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Tuesday, December 22, 2020

Sharpless 114, the Flying Dragon Nebula

 While shooting more frames for my great mosaic of Cygnus I shot a set of frames for the Sharpless 114 (Sh2-114) , the Flying Dragon Nebula. Part of the image was used for the mosaic but the dragon part was out of the field of view.
I decided to make an individual image out of it since it's not a very well known object and it's beautiful too. I have shot the Sh2-114 with a longer focal length instrumen back in 2015

The Flying Dragon
Click for a large image

Photo is in natural colors combined from narrowband channels. An ionized hydrogen, H-alpha, is emitting deep red light and it's dominating the color scheme.

A closeup
Click for a large image

Photo is in natural colors combined from narrowband channels. An ionized hydrogen, H-alpha, is emitting deep red light and it's dominating the color scheme.

An older long focal length version
Click for a large image

Photo is in natural colors combined from narrowband channels. An ionized hydrogen, H-alpha, is emitting deep red light and it's dominating the color scheme.


Sh2-114 is a complex and unusual HII emission nebula. Its complex, wispy structure is likely the result of winds from hot, massive stars interacting with the magnetic fields in the interstellar medium. But very little is known about it. (Source,

Click for a large image

Sharpless 114 can be seen at lower left corner, field of view is framed.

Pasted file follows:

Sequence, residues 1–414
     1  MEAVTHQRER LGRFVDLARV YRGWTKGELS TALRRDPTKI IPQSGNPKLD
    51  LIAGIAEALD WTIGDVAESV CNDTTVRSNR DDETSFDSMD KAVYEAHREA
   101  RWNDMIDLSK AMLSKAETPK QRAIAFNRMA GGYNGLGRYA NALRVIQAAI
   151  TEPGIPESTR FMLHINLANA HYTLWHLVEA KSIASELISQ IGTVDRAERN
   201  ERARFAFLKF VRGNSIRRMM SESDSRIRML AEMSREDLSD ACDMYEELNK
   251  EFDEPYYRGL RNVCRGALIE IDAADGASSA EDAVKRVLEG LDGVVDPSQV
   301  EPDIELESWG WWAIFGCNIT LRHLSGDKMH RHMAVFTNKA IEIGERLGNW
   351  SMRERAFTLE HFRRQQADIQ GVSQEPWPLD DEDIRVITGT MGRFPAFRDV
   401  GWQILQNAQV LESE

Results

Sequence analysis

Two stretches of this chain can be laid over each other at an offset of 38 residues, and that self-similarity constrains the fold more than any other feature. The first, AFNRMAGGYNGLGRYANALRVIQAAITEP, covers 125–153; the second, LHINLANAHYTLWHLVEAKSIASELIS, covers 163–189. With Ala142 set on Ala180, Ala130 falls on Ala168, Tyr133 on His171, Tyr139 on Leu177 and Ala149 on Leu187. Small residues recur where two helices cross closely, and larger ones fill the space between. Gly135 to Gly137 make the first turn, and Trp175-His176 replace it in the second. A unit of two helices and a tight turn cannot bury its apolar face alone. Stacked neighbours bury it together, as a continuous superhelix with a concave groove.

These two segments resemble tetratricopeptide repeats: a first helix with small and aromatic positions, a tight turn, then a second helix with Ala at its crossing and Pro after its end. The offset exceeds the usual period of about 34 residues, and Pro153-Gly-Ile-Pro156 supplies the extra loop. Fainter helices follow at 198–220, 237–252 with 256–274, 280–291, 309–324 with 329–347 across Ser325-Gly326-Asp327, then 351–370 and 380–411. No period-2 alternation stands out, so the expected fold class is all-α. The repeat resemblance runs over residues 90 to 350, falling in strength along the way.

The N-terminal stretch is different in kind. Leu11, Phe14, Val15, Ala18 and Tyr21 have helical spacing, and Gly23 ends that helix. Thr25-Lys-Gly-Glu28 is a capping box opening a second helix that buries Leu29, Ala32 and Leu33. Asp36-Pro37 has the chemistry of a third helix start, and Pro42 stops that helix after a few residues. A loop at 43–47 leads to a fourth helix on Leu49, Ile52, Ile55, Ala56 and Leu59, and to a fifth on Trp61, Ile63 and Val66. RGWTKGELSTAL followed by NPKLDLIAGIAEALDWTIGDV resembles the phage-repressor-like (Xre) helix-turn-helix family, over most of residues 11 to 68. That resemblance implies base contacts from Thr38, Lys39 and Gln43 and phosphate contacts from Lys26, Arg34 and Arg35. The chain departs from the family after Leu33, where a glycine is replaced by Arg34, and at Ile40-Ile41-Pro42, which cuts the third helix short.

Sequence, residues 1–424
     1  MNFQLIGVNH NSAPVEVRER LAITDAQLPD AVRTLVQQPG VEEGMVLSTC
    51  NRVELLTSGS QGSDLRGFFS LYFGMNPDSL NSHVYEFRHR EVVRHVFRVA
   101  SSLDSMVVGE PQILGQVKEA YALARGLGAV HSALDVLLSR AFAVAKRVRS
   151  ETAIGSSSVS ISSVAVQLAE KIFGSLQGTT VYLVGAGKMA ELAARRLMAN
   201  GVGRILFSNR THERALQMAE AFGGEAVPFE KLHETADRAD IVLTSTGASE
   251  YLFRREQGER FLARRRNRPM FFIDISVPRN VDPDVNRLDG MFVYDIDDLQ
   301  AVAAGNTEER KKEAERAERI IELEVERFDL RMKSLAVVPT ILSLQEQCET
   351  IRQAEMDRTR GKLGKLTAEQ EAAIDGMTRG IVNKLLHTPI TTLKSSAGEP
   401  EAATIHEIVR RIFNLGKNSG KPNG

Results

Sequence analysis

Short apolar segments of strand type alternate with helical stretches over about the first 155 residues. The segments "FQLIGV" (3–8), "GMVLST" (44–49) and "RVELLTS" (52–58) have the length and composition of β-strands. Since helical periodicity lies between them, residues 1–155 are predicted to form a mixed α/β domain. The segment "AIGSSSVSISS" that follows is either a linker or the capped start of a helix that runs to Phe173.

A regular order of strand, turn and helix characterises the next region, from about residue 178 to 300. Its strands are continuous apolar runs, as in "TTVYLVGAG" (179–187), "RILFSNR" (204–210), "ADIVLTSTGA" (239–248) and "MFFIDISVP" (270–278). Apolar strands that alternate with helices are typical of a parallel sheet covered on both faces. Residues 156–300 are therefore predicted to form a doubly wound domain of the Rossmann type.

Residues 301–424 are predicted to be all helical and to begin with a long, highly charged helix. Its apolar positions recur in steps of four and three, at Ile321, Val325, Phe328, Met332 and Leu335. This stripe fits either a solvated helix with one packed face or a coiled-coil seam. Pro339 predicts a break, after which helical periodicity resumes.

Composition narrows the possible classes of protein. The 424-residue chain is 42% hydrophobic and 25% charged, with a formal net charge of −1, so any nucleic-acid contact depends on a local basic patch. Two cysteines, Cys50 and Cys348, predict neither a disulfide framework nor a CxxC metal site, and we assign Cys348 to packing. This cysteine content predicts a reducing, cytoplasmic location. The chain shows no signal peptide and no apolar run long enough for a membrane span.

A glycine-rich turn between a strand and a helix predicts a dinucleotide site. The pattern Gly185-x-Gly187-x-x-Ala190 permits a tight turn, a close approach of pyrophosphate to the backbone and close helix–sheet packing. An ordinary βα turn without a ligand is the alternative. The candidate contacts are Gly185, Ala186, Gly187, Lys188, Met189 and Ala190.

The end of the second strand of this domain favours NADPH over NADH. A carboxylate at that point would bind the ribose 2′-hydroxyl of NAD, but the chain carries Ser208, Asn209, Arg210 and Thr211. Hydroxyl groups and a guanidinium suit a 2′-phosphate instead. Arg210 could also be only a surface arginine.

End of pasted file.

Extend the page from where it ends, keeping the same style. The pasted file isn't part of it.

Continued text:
Technical details

Processing workflow

Image acquisition, MaxiDL v5.07.
Stacked and calibrated in CCDStack2.
Deconvolution with a CCDStack2 Positive Constraint, 33 iterations, added at 50% weight
Color combine in PS CS3
Levels and curves in PS CS3.

Imaging optics

10-micron 1000

Cameras and filters
Imaging camera Apogee Alta U16 and Apogee seven slot filter wheel
Guider camera, Lodestar x 2 and an old spotting scope of Meade LX200

Astrodon filters,
5nm H-alpha 3nm S-II and 3nm O-III

Exposure time

H-alpha, 15 x 1200 s, binned 1x1 = 5 h
O-III, 1x 1200 s, binned 2x2 = 20 min.
S-II, 1 x 1200 s. binned 2x2 = 20 min.

Tuesday, December 15, 2020

Cygnus project, ten years and 400 hours, the grande finale!

Total exposure time is way over 600 hours shot between 2010 and 2020. Some areas of this mosaic panorama required more exposure time than others. There are two large supernova remnants in this mosaic. both are large, diffused and very dim. I have used about 150 hours of exposures for them alone! There are hardly any deep and large enough photos around showing them well. 

I have started this imaging project back at 2010. My aim was make a highish resolution mosaic covering the constellation Cygnus. Work like that takes time and patience, especially since I have worked so, that many of the individual sub mosaics or frames can be published as an individual artworks. Here is a poster format presentation about all of longer focal length images used for this mosaic beside actual panels,

As a result I have now a huge 37 panel (And 58 long focal length sub-panel) mosaic panorama covering 28 x 18 degrees of sky.  I have collected photons way over 400 hours during past ten years for this photo. The full size mosaic image has a size of about 25.000 x 15.000 pixels.

A photo of five million stars*

Great Mosaic of Cygnus (2010-2020)
28x18 degrees, 37 + 58 panels and over 600 hours of exposure time

The full size photo is worth to see!  (2700 x 1700 pixels)

An apparent size of the Moon is marked as a scale at bottom left on the picture frame. 
This is a large area of sky! (28 x 18 degrees) Image is in mapped colours, from the emission of ionized elements, R=Sulphur, G=Hydrogen and B=Oxygen.  NOTE, the horizontal version at end of the page!
* I actually counted the stars and in this field of view there are little over five million individual stars

Three supernova remnants, two Wolf Rayet stars and a black hole